Into Another - s/t (1991)
It may or may not be a surprise that Into Another is one of my most favorite bands. I believe we covered my love for Metal in middle school and how it led me down a path which leaves me here now, sitting in front of this computer, talking about why this or that mean this or that.
My intro to Into Another came at a time when my hardcore education came from ordering everything off the Revelation Records mail order list. Of course Sick of It All already owned my head and it wasnt long after that when I was able to obtain copies of Start Today and Break Down the Walls. So it goes, picture me, young and goofy, sitting on the floor of my bedroom thinking of how best to waste whatever meager pay I earned from the Royal Bookstore, circling just about everything in the catalog that I didnt own already (except for some reason the Slipknot 7" and the Warzone stuff). I ordered Supertouch, Bold, Chain of Strength, the self titled GB, Youth of Today's Disengage EP, and this (Not all at once, mind you). I was unfamiliar with Underdog despite knowing of them, but I knew the name Ritchie Birkenhead from the liner notes to Break Down the Walls, and I knew Drew Thomas as the drummer for Bold. So naturally, despite the strange description, I thought it would be hardcore.
Hardcore this is not. I am not even sure I have the touchstones to bring up when talking about this kind of music. It is clearly metal. And even though I enjoyed my share of Poison and the Crüe and Bon Jovi I cant veritably say that this has any relation to that. I cant even compare this to the heavier metal that I grew to love. In fact, the only touchstone I can think of is remembering my first impression of Overlord and thinking that it sounded like an early Ozzy Osbourne song. Aside from some love for Mr. Crowley and the opening bars of Crazy Train I can take or leave a good portion of his catalog (It's a different story with Black Sabbath. They ruled at what they did). Somehow, some way, this was everything that my 15 yr old brain wanted to hear.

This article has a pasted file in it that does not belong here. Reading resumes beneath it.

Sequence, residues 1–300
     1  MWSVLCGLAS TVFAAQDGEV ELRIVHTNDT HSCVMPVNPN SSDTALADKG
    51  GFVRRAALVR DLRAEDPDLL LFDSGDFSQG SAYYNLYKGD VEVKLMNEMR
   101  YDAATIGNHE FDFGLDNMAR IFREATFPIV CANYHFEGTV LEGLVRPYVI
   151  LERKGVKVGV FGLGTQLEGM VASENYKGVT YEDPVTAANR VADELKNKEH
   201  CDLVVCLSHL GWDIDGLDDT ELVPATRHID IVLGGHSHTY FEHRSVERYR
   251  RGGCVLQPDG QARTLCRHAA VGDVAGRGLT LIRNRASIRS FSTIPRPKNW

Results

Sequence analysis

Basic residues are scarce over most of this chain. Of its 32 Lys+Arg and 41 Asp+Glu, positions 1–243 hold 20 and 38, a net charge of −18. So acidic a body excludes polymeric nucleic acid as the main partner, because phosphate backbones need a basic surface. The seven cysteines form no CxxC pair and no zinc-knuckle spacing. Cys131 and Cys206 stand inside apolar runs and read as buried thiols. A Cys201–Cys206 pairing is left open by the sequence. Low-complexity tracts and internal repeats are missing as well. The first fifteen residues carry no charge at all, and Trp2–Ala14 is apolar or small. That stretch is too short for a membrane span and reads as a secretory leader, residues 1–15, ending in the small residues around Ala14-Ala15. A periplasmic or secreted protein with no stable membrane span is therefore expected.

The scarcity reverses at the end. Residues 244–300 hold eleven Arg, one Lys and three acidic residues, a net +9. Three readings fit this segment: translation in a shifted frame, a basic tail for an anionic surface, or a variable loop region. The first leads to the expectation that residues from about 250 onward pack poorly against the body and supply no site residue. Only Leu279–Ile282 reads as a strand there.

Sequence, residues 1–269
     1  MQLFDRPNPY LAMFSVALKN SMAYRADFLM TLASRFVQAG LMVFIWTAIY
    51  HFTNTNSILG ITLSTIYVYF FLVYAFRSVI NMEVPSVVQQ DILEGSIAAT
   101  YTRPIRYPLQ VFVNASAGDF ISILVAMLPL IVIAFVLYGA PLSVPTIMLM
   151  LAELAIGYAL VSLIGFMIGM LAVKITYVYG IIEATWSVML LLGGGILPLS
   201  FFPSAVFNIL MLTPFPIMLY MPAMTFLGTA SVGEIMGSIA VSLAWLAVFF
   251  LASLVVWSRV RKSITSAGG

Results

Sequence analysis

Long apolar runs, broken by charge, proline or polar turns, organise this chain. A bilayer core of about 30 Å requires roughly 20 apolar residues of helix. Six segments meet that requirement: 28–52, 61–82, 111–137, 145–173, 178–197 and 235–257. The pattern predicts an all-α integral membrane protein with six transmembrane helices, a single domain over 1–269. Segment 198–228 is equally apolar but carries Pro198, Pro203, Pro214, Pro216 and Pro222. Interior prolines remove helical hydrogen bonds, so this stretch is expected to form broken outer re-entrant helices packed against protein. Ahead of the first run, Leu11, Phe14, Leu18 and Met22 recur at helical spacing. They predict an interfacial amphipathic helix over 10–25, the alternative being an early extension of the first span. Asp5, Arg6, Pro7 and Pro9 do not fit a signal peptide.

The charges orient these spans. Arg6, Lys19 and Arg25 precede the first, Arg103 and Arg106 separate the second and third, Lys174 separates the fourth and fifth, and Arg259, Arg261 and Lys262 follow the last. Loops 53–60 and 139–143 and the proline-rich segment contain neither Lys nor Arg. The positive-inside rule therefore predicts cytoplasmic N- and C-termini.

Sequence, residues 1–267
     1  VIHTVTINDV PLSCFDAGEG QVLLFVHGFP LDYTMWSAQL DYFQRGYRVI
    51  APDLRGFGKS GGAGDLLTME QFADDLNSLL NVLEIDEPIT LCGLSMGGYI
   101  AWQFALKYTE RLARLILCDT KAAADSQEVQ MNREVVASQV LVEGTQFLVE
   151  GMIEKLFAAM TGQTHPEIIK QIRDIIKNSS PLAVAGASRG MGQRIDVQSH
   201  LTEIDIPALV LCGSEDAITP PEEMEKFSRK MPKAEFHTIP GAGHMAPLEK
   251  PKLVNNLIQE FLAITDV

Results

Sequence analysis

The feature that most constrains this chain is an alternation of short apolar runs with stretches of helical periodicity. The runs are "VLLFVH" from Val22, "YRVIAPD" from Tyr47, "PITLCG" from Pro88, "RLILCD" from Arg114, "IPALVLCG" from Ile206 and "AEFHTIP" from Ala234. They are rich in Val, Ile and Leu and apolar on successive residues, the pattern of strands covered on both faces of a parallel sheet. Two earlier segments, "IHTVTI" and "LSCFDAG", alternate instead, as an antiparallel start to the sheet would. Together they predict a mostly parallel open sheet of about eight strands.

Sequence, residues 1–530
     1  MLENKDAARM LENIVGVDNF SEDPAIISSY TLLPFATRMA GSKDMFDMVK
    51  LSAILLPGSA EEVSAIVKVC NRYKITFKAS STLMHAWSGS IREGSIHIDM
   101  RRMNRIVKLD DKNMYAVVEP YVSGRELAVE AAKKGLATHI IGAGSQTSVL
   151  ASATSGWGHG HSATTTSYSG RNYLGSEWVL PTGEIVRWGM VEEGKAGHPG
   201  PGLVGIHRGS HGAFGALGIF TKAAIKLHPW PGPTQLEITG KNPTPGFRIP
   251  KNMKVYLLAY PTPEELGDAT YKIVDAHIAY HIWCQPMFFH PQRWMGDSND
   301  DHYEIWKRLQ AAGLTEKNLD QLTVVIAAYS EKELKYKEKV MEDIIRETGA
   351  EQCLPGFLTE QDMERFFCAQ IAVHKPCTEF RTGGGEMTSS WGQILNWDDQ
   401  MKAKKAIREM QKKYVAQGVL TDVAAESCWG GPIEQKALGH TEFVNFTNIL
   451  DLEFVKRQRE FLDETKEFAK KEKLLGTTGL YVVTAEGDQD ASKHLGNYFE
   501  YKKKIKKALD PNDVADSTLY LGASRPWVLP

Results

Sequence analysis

Peter Moses had some of the best guitar style ever. His picture in the booklet was amazing. He looked like Steven Tyler circa Dream On, but he was wailing these awesome guitar lines that were at once glammy, sludgy, dark and brooding. Into Another were an anomaly and the best thing that couldve happened at the time. Not long after I ended up buying Ignaurus and Creepy Eepy and realized that these guys had mad skills. Tony Bono in particular sticks out to me often as his bass playing was amazing. And of course, Ritchie has pipes that can only be compared to the range of Axl Rose or Robert Plant. Dude can bust some notes. Thats all im sayin.
The Castlevania like guitar leads in While I Die, the hokey as hell lyrics in Dare Me (complete with an "Unh!") the sick bass lines in Splinters and the awesome breakdown in As It Were... I could wax poetic about every little nuance in every little song. The only thing that could do this justice is for you to relieve yourself of all pretense and listen. Loudly.